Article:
Gladysheva v Russia (App. No. 7097/10)
Courtesy of the always excellent ECHR blog, comes an interesting Strasbourg decision, particularly in relation to the question of just satisfaction. It has, regrettably, taken me ages to write this up. Any students who have had to write essays about it in the meantime clearly have sadistic tutors.
The facts of the case bear some similarity with Tuleshov v Russia, but there are a few differences and what is quite interesting about this case is what the ECtHR does about just satisfaction.
The basic facts are that Ms Gladysheva was a bona fide purchaser of a flat in Moscow. The previous owner had bought the flat from someone referred to as Ms Ye, who had, in turn, acquired the title to the flat from the City of Moscow through a privatisation scheme (which appears to be not a million miles away from right to buy).
Unfortunately for Ms Gladysheva, there appear to have been some shady goings on, err, going on when Ms Ye acquired the flat, which all started to be investigated after Ms Gladysheva had bought it. In July 2009 a court in Russia found that the privatisation had been fraudulent. Applying domestic law the court ordered the return of the flat to the City and Ms Gladysheva’s eviction. She was not entitled to compensation or the offer of alternative accommodation.
Although the Deputy Prosecutor General and the Moscow City Ombudsman have both intervened in support of Ms Gladysheva, that decision stood. At the time that her case came to Strasbourg she had not yet been evicted, but considered that eviction was imminent.
She brought the case to Strasbourg in reliance on A1P1 (which provides for protection of property) and Article 8 (which provides for protection of a home).
The ECtHR dealt first with A1P1. Russia argued that it did not apply as Ms Gladysheva’s dispute was really with the person who sold her the flat. The ECtHR said that this argument was “misguided”. It was the Housing Department that had brought the case to recover the flat, so the dispute was clearly between the applicant and a municipal body. It cannot be said that it was a purely private dispute between the City and Ms Gladysheva as the alleged frauds that had taken the flat out of the City’s ownership involved residential registration, social tenancies and privatisation.
When considering the merits of the A1P1 claim, the ECtHR held that the interference with Ms Gladysheva’s rights was not proportionate. Much of the blame had to be attached to the failure of the authorities to prevent the fraudulent privatisation of the flat. In addition, Ms Gladysheva was being “stripped of ownership without compensation, and … [had] no prospect of receiving replacement housing from the State.” The court went on to note that “mistakes or errors of the State authorities should serve to the benefit of the persons affected, especially where no other conflicting private interest is at stake. In other words, the risk of any mistake made by the State authority must be borne by the State and the errors must not be remedied at the expense of the individual concerned … It therefore concludes that dispossessing her of her flat placed an excessive individual burden on her, and that the public interest was not sufficient justification for doing so.”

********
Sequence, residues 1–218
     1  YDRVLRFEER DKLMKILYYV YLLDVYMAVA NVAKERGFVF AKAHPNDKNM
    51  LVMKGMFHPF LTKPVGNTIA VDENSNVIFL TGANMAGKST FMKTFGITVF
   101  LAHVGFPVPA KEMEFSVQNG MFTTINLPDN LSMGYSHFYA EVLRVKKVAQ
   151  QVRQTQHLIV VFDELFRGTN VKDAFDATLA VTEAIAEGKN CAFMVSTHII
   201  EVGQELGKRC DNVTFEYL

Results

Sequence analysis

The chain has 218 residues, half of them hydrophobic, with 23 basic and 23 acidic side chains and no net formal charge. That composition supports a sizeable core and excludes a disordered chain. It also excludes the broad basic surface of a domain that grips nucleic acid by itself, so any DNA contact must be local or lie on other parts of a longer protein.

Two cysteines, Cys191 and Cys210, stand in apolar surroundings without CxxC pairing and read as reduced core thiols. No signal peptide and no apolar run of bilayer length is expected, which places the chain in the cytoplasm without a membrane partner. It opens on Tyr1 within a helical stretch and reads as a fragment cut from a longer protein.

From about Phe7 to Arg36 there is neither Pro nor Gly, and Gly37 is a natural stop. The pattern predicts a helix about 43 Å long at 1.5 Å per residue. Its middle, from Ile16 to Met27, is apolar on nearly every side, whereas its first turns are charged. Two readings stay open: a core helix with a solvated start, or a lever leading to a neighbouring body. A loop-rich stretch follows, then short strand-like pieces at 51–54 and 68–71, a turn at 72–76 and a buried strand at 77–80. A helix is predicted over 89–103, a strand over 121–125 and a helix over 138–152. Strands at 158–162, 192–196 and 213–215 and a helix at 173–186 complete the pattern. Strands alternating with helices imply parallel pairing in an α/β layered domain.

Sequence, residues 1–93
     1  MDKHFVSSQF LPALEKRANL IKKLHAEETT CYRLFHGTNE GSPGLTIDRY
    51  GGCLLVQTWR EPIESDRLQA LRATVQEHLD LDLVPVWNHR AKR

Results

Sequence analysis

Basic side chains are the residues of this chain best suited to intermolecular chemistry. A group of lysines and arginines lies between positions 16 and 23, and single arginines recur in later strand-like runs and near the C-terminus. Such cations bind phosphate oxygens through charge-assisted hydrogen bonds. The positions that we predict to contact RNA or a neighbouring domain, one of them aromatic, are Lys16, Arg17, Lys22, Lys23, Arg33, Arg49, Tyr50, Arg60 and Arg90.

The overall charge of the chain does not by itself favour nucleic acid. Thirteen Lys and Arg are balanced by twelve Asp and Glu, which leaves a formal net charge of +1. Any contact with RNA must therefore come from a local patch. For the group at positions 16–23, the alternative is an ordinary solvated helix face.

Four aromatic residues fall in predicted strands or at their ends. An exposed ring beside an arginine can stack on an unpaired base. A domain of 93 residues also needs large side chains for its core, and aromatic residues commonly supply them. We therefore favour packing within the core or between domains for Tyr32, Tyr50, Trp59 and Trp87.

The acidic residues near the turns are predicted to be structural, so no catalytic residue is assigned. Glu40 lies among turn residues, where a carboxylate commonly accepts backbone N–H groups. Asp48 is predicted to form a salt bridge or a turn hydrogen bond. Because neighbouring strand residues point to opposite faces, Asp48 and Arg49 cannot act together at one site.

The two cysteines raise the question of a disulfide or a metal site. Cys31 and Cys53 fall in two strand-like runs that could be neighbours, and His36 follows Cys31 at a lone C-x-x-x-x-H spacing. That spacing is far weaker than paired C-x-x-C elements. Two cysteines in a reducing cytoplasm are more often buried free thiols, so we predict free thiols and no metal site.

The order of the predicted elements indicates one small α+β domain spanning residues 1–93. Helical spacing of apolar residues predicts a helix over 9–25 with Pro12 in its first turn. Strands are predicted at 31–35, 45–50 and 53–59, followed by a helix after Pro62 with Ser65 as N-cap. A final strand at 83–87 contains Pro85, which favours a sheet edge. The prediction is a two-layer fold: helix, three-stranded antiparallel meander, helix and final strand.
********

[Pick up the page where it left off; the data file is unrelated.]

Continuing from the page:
Therefore A1P1 had been breached. For pretty much the same reasons there had also been a breach of Art 8. In the court’s analysis of Art 8 it is interesting that some significance appears to be attached to the fact that “no goodwill had been shown by the Moscow Housing Department in that it would not provide her with permanent, or even temporary, accommodation when she had to move out. The Government’s suggestion that the applicant move in with her parents aside, the authorities made it clear that they would not contribute to a solution of her housing need.”
Where this case does get interesting is what happened next. Ms Gladysheva claimed an amount of money for non-pecuniary damage and also an amount to allow her to purchase another flat. Russia resisted both of these and argued alternatively for a lower award in respect of the loss of the flat. However, the ECtHR did something a bit different. At  the court said that
having due regard to its findings in the instant case, and in particular having noted the absence of a competing third-party interest or other obstacle to the restitution of the applicant’s ownership, the Court considers that the most appropriate form of redress would be to restore the applicant’s title to the flat and to reverse the order for her eviction. Thus, the applicant would be put as far as possible in a situation equivalent to the one in which she would have been had there not been a breach of Article 8 of the Convention and Article 1 of Protocol No. 1 to the Convention.
In other words, she gets to keep the flat. While not a new development in relation to A1P1 (Bulgaria has been on the receiving end of a couple of such decisions), it is interesting to see this being applied to residential property.